Maddie welcomes Wolcott to the Chez Ami, where he's gone in search of the whore Carrie, whose passage to Deadwood he'd arranged. He is irritated to learn that she's has "been detained." When Joanie offers to fuck him "for free," he tells her "you ain't my type," but nonetheless repairs to a private room with her. Forewarned by Maddie of his violent nature, Joanie is armed for the encounter-a Derringer hidden in her waistband. Unable to arouse Wolcott with conventional means, Joanie struggles to locate the nature of his desire, but he remains a mystery to her. Shortly, he dismisses her, but not before surprising her further by saying he admires that she came armed to their encounter.

After the arrival of Carrie, Wolcott visits the Chez Ami and has a sexual encounter of sorts with her. She sits atop the fully clothed Wolcott and he orgasms almost immediately. "I'm too quick," he says to Carrie, who responds, "You can't be too quick for me." And then she says to him: "You might try sometime with your prick outside of your pants."

Tolliver's threats

Down on the street Cy Tolliver asks Francis Wolcott how long he should keep buying claims. "This phase is almost over," Wolcott says, watching the arrival of a cart driven by Mr. Lee and his men. "Even as another begins." As the cart stops, Mr. Wu approaches and angrily slices open the canvas covering its sides, revealing a cage filled with Chinese women. "Tell me those are my new employees," Tolliver says.

Cy complains about the quality of the new Chinese whores who are kept in unsavory cribs in the alley. In addition, there is something about Wolcott's anger, Tolliver says, that he is concerned about. "I hear accounts, Mr. Wolcott that you are a dangerous lay," he says. "And that adds to my concerns." Tolliver pointedly warns that such information might not be appreciated by Wolcott's boss, George Hearst. "It's a dangerous habit to indulge when you are not among friends," he says. But with barely controlled rage, Wolcott explains that Hearst is aware of his inclination, and finds it immaterial. Anger rising, he tersely insults and threatens Tolliver and suggests he find a way to make himself useful. Cy insults him in return, and Wolcott leaves.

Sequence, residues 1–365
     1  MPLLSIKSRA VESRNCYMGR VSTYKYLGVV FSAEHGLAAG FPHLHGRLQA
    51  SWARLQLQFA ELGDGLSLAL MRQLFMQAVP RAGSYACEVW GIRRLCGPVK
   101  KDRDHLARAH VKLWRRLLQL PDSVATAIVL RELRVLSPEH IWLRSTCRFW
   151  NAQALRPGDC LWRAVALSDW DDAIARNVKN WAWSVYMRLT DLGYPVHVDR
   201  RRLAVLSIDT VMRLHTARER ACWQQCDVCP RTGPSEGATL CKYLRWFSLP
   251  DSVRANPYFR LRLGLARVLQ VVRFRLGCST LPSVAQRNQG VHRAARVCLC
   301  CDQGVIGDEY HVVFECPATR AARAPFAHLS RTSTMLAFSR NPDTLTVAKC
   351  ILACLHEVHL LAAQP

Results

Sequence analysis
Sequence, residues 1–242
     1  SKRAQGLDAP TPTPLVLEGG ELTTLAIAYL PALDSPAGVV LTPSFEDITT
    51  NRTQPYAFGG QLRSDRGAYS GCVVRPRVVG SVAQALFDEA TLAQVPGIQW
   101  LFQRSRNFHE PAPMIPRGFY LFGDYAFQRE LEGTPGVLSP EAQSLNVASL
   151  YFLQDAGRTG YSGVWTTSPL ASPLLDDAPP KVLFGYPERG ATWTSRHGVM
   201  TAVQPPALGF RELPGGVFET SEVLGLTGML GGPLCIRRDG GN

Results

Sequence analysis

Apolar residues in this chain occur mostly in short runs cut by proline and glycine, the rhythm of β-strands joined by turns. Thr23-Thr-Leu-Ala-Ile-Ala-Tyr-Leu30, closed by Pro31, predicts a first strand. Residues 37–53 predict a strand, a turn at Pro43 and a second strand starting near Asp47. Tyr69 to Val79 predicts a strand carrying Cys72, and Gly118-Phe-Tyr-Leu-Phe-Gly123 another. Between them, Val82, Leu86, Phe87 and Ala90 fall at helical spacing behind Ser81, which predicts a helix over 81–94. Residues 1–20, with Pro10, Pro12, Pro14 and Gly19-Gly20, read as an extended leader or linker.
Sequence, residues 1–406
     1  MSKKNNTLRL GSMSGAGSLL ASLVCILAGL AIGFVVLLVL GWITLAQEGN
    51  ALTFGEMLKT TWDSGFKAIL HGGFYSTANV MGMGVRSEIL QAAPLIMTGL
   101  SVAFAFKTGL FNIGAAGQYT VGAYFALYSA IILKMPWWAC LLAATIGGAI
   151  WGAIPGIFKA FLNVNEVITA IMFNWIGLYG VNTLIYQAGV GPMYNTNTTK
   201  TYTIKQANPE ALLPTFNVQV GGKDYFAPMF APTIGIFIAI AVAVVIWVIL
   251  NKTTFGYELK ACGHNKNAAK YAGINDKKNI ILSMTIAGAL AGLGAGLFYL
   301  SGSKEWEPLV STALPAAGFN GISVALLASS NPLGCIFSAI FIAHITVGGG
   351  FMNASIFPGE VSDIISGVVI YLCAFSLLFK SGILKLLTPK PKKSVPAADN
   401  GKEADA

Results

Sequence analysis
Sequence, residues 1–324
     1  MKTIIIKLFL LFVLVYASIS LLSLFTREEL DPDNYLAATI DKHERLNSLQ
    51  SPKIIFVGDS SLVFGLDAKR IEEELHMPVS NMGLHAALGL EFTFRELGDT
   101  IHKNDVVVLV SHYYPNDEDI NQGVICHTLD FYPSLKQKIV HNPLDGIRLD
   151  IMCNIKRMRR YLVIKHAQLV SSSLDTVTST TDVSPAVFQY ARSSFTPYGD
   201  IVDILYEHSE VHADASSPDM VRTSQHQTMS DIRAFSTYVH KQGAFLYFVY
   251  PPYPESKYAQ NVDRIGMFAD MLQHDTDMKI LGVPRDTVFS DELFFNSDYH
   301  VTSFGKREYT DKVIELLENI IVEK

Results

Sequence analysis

The killing of three whores

Charging briskly across town, Wolcott is rambling in fury over the threats made by Tolliver. He plans to harm one of Tolliver's former employees, Doris, who now works at the Chez Ami. "No, Doris," he mutters. "We must not let you become past surprise." Entering the Chez Ami, he is told by Maddie that Carrie is napping, but he tells her he would like to see Doris. Maddie tenses, and Doris enters the room with him.

Soon Joanie Stubbs is back, and, knowing that Doris has been reporting to Tolliver, she is terrified at what could be going on in the room. Finally Wolcott emerges. "I would like to see Carrie now," he says. The girl is summoned, and is soon looking at Doris's murdered body. With a tear running down her cheek, she tells Wolcott that the problem can be dealt with. But Wolcott says he has another problem. Carrie has "seen him." Carrie realizes what has come. "You're fucking crazy. And I am going to die in this shithole." She asks if he can make it so it won't hurt, and in a flash, Wolcott has slit her throat with a razor.